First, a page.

I estimate I was heading uphill at about 15mph and three ebikes overtook me at my estimate of nearly 30mph based on local knowledge of the road and the speed the cars were doing.
Any e bike going uphill at over 15mph surely has an illegal, over 250 watt, motor?

On the road yes, not off road in the woods.  I’ve seen e mtb on forest tracks in Dolomites and definitely not e  pedalec compliant.

Off road legality gets complicated. My understanding is that under UK law, anything capable of going faster than 15mph is a mechanically propelled vehicle and so can't be used on Bridleways, period. It could be legal on BOATs and RUPPs, but only if registered and insured as a mechanically propelled vehicle (ie moped or motorcycle, depending on top speed).  Use away from recognised rights of way would not be illegal, but is unlawful unless you have the landowner's permission.  [It could be illegal is you cause damage, but on the basis of criminal damage law, not vehicle use]. Then there are police powers under anti-social vehicle use powers, but I don't know much (anything!) about those, so won't speculate.

So a 'not road-legal' Ebike is also not legal on other RoWs because the laws governing its classification for road use also apply on other rights of way.  Just like an unregistered/untaxed/uninsured MX bike.  Ride one on a byway and you could theoretically get a motoring conviction.  But the chances of enforcement are, of course, negligible. I suspect that the only way users will get the message is if a few people get stung for high-value third party liability claims, leading to constabulary attention for driving without licence and/or insurance.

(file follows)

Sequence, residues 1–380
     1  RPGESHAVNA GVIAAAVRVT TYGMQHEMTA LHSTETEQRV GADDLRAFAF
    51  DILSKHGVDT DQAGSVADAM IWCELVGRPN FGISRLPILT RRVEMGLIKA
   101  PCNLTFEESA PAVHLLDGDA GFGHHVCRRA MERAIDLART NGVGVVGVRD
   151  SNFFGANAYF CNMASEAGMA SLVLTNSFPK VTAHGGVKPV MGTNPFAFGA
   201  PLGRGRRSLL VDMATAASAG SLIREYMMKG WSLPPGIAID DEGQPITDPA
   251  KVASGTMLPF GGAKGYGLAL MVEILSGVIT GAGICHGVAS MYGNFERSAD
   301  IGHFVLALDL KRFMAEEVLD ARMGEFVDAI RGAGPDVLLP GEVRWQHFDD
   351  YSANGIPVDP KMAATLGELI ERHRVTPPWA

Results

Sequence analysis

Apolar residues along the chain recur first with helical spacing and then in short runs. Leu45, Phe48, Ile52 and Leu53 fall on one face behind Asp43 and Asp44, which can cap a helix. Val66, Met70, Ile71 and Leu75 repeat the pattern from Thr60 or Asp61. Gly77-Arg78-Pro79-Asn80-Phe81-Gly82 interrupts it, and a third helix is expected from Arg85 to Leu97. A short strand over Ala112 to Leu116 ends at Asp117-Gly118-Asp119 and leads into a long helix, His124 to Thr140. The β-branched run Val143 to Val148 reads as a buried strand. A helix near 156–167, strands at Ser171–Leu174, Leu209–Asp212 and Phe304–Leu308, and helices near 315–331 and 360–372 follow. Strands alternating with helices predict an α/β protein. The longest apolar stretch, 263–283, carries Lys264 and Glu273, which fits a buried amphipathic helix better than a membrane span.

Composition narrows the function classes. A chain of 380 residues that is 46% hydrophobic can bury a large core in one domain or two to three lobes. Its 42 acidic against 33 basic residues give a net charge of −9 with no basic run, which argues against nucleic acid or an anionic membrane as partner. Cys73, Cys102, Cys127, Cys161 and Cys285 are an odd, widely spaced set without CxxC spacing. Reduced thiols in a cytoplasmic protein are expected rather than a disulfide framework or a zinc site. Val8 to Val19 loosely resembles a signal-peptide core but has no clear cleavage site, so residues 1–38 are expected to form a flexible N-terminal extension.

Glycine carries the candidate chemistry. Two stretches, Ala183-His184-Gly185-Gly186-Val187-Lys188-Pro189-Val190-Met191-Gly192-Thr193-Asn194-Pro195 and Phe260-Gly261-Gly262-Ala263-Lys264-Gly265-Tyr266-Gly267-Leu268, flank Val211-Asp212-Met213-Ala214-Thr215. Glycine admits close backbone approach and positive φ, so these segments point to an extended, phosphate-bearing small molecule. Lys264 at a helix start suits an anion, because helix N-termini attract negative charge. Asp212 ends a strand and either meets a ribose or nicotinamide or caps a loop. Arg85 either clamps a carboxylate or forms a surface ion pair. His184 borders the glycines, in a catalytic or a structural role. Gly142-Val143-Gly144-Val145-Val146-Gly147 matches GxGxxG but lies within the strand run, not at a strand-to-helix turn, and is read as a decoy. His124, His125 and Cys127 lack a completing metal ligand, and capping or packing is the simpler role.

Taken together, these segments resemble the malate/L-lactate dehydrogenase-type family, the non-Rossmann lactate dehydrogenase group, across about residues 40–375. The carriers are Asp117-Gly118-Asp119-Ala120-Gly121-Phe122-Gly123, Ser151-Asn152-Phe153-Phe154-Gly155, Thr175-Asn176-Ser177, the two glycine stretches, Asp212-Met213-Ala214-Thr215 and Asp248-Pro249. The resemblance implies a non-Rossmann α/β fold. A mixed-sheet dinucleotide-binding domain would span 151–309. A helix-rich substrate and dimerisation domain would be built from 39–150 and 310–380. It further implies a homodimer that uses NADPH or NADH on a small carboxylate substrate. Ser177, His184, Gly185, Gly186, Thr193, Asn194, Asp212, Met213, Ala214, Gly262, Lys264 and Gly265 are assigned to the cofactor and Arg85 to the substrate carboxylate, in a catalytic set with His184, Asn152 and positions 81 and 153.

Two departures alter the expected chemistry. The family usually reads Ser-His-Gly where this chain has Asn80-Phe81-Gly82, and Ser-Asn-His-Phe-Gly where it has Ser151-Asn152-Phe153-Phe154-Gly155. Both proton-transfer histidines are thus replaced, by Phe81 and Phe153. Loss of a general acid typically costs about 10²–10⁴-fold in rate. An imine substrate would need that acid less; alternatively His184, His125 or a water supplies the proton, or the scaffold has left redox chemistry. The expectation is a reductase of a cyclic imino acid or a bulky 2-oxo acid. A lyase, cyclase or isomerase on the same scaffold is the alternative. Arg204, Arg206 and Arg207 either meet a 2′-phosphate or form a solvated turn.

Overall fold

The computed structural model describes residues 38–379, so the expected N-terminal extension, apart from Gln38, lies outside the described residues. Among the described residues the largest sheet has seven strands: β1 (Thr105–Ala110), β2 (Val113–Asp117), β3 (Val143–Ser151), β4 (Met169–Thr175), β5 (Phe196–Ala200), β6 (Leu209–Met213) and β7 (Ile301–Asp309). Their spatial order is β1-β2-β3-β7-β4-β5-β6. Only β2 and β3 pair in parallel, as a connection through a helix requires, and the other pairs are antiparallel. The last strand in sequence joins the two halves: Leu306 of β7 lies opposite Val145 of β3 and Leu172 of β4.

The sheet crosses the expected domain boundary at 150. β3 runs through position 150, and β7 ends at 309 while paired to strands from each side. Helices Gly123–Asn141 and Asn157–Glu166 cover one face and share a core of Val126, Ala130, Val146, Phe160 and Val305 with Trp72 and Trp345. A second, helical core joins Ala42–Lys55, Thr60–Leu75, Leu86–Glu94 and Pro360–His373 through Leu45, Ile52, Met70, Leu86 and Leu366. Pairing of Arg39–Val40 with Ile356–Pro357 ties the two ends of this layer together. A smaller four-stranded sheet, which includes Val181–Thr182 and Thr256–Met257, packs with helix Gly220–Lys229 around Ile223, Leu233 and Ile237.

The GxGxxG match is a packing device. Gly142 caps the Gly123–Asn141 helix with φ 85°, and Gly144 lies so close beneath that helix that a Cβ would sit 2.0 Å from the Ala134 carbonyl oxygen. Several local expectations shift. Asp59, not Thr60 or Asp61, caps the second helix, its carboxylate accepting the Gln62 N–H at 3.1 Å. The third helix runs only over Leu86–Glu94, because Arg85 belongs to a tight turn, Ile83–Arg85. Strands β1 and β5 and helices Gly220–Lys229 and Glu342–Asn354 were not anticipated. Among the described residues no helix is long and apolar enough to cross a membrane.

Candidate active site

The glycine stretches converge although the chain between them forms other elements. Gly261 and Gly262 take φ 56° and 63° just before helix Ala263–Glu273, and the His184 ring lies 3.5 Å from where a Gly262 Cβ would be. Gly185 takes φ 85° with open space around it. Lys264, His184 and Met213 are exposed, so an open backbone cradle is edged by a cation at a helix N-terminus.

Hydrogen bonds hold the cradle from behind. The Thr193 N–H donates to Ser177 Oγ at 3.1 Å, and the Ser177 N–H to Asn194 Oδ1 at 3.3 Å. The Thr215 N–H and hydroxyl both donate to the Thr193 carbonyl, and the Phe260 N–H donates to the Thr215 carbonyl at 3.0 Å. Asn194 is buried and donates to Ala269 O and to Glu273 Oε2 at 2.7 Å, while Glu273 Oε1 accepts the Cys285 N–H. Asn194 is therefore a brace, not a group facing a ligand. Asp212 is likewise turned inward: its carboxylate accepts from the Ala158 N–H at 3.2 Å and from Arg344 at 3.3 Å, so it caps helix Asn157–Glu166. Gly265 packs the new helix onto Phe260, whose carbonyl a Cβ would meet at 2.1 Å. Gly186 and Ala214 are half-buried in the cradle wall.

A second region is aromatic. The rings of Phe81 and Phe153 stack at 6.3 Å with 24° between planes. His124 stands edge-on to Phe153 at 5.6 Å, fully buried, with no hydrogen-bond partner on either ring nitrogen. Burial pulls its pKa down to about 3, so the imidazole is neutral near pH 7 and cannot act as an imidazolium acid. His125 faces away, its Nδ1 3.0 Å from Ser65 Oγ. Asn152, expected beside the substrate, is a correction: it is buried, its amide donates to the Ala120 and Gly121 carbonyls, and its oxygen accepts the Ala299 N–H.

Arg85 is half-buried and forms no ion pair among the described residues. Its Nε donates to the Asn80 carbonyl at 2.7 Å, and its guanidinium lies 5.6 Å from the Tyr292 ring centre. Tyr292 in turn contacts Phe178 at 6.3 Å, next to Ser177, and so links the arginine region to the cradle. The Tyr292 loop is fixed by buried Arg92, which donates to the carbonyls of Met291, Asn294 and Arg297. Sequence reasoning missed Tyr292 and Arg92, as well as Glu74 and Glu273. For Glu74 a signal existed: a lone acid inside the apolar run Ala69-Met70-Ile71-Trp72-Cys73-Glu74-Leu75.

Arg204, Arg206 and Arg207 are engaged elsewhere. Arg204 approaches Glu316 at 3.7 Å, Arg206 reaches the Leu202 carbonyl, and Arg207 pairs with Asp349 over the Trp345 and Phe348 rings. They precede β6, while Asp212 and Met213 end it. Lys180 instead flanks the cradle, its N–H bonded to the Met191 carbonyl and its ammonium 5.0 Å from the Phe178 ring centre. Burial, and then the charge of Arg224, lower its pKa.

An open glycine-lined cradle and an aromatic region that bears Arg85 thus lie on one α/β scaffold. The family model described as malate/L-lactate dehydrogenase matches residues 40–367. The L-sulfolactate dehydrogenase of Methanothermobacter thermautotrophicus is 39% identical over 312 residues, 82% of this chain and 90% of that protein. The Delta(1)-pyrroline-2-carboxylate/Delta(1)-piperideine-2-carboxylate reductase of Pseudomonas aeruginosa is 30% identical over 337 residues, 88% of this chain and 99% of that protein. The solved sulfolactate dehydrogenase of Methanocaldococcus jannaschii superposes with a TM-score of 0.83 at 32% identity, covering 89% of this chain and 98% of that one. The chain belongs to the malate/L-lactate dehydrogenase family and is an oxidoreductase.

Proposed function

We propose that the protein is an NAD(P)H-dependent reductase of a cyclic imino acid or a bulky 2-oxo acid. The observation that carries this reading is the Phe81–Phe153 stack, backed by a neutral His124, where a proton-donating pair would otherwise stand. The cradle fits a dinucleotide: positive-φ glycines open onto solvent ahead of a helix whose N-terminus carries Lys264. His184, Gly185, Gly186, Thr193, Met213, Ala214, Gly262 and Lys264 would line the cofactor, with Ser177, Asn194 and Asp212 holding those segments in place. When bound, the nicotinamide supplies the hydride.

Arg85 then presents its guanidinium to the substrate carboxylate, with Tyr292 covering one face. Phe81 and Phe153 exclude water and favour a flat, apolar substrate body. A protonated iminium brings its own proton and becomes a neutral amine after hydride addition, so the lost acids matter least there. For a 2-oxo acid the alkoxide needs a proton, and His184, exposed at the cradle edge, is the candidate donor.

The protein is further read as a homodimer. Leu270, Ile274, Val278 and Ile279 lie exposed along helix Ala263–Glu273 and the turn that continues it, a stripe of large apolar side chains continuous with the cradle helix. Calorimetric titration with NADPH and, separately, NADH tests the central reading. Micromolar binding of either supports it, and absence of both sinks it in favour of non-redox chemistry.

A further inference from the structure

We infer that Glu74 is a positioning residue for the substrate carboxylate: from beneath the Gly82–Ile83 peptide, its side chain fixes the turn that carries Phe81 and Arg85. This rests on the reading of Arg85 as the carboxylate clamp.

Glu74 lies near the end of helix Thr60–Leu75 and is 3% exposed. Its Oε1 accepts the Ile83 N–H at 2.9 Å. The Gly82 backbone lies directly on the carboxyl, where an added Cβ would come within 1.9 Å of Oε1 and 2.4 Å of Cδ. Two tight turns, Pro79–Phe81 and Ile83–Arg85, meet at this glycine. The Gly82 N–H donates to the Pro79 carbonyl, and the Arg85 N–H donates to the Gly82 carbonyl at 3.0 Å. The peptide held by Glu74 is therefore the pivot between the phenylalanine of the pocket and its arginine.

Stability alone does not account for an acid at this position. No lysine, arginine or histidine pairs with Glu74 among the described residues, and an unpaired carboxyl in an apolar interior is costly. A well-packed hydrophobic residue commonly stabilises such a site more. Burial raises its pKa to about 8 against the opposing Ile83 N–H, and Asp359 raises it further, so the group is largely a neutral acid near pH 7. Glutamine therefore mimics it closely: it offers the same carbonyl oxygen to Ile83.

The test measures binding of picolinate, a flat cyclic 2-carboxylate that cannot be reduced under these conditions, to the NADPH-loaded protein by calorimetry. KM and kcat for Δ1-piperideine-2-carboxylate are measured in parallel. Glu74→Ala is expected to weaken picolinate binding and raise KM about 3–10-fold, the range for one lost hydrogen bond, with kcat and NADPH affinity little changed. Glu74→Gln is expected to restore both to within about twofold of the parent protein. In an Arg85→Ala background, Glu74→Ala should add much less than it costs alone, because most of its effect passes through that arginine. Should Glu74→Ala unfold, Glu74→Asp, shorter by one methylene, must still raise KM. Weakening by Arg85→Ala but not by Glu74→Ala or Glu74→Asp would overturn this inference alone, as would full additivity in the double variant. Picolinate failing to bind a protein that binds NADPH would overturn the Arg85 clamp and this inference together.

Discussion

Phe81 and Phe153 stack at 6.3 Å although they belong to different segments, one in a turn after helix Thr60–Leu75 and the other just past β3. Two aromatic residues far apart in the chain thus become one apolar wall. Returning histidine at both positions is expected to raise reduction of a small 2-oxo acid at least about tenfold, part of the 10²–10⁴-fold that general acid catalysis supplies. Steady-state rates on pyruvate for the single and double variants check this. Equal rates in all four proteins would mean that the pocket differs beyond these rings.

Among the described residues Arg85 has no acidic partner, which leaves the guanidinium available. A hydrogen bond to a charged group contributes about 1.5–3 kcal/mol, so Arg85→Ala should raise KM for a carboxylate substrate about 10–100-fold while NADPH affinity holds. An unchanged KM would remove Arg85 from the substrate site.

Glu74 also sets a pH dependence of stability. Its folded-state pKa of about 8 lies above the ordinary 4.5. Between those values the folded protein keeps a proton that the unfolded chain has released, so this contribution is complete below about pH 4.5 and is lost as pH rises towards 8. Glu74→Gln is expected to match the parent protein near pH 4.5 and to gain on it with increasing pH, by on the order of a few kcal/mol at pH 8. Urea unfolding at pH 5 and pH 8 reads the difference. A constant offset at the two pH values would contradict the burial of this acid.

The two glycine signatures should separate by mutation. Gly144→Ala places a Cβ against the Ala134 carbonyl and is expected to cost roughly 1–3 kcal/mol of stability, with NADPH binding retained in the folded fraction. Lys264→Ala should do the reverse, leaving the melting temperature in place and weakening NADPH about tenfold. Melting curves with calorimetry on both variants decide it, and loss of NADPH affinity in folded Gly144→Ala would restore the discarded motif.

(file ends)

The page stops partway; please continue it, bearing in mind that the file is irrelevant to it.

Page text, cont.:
In theory, de-regulated Ebikes could be permissible at trail centres if the operator is happy. I'm not aware of any that do encourage it. And trail centres tend to be designed around slow-up, fast-down principles so >15mph capability seems pointless to me. That's not to say that an 'Ebike ascent route' couldn't be added, of course.

What's legal or not in the Dolomites is an open question... ;)

When I went down to my local cargobike, e-bike and anything else odd and non-racer shop the other day (to look for a frontrack for the folder) I was very surprised to see a lady with an e-bike, obviously very new, with a numberplate just like a moped. I didn't think to ask at the time (not my business, other customer etc etc) but I will have to ask when I go back. I am not up to speed with this pedalec stuff, french regs are evolving quite quickly just to deal with e-trottinettes. Cargobikes with 500W motors are just another thing requiring some sort of order in the chaos.